We live in a fabulous era of technological achievements. Practically something new, something better emerges every day. But can we catch up? The recent speed of innovation outpaces the capacity of many individuals and teams to adapt. That is why the playing field for business is changing.
Over the past several years things like big data, transformation, digitalisation, artificial intelligence and robotic process automation (RPA) have turned from fantasy into reality. These trends have influenced the future of many business sectors, including the managed services industry.
Once the preserve of books and movies, artificial intelligence (AI) is becoming a reality in today’s world. It is already here in fact – all around us. From big data to our personal devices, from workplaces and manufacturing automation to intelligent home systems and even healthcare – powerful processing units and next-level software algorithms are making our lives easier in an unprecedented ways and pace.
And here comes the question: Should we be afraid of AI?
Artificial intelligence is by definition the simulation of human intelligence processes by machines, especially computer systems. AI systems can learn (acquire information and rules for using it), make reasonable decisions (i.e. they “know” how to use rules to reach conclusions) and self-correct.
On the other hand, “artificial general intelligence” (AGI) systems are those that really disturb the public. These are hypothetical machines that will exhibit behaviour, skills and flexibility as humans do. They will possess generalised human cognitive abilities, creativity, self-consciousness and will be able to find a solution when presented with an unfamiliar task, without human intervention. Futurists are afraid of the so-called “singularity” event – a hypothesis that the invention of artificial superintelligence will abruptly trigger fast self-improvement cycles, resulting in the creation of a system far surpassing the capabilities of human intellect and civilisation. The big problem is that an algorithm could not possibly have emotions and empathy and being superior to humanity will be posing a potential grave threat to the existence of human race in general.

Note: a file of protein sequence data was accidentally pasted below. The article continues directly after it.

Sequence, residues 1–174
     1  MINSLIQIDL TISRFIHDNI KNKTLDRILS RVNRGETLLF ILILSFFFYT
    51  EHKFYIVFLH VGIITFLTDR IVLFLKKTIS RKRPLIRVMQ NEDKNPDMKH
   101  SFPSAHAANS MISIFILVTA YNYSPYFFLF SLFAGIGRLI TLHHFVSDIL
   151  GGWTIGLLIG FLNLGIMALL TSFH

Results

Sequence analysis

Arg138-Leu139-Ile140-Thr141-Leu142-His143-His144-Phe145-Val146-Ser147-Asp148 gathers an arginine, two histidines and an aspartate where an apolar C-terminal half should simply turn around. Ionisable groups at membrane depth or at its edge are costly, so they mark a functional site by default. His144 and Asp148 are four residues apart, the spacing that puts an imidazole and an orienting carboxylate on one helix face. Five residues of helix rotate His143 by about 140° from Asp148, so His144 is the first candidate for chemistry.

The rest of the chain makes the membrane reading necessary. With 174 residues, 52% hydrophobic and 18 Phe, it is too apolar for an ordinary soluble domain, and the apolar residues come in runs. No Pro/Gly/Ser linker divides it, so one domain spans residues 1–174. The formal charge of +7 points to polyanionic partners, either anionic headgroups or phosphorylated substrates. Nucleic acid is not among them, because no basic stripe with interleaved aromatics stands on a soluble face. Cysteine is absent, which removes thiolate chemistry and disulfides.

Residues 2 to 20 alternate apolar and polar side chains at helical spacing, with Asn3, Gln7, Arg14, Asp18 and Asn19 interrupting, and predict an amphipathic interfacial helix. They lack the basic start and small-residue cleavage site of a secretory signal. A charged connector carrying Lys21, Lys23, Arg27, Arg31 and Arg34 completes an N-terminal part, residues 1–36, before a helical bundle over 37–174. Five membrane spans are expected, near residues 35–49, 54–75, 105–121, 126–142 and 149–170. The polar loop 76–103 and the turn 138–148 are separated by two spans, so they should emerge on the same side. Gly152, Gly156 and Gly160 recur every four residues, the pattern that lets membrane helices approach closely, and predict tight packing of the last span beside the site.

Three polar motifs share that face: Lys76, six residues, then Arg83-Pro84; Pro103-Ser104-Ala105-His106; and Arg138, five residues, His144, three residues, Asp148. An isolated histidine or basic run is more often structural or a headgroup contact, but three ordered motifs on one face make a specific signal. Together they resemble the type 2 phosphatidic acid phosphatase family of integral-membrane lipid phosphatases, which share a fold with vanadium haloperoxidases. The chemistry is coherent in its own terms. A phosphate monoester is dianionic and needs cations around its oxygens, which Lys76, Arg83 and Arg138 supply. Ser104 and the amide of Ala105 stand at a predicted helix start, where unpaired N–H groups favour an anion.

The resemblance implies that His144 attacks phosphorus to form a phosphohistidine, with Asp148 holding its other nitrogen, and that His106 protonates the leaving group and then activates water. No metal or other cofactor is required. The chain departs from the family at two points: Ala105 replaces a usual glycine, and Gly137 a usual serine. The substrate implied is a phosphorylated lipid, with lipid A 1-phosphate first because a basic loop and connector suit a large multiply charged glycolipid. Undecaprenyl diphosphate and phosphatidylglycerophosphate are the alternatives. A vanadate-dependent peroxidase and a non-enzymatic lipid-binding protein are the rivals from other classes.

Sounds scary? Naturally, except it does not exist. It is just a theory. There are only couple of dozen organisations in the world involved in research on AGI. Nobody could claim that they are somewhere close to creating an AGI machine. And even if in decades or centuries there happens to be progress in that field, it will be an object of strong regulation.
How about RPA? Do we even need automation?
It is vital for each and every business to find means to grow, improve efficiency levels and be flexible when developing and providing products and services. Among the top 10 challenges for developing companies in 2019 are the integration of new technologies, innovation and customer service improvement. Users have never been more informed and have never had higher requirements when being supported by a company.
RPA is among the fastest-growing industries worldwide due to the solution it provides to some of the major problems faced by large businesses. The process automation via software eliminates the need for some frequently repetitive tasks to be handled manually, thus allowing employees to focus on activities that have higher value and importance. Gartner reports that by the end of 2020 around 40 per cent of large businesses will have integrated RPA software which will be optimizing the workflow within the company. In some industries the percentage of companies that have already implemented RPA is even higher.